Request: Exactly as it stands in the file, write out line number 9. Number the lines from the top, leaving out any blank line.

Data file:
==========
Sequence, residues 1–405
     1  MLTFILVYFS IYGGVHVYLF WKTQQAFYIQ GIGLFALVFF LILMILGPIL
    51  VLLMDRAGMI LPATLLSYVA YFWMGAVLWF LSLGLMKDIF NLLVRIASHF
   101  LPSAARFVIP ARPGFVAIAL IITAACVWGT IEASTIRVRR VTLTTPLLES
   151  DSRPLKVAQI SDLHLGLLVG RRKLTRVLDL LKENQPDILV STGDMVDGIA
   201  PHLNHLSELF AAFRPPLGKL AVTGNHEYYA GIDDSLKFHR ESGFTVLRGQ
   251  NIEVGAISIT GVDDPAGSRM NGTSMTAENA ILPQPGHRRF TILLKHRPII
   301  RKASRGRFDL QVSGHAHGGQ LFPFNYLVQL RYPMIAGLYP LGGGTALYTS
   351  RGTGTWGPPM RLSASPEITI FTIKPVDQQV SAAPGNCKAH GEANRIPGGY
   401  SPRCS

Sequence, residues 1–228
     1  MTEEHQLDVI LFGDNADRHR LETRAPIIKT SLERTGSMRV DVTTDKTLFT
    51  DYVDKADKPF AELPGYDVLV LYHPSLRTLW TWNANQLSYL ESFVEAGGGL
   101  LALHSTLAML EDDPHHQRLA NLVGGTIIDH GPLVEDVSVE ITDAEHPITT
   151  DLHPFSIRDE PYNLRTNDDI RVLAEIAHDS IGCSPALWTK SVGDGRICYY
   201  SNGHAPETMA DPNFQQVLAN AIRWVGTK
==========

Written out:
   351  RGTGTWGPPM RLSASPEITI FTIKPVDQQV SAAPGNCKAH GEANRIPGGY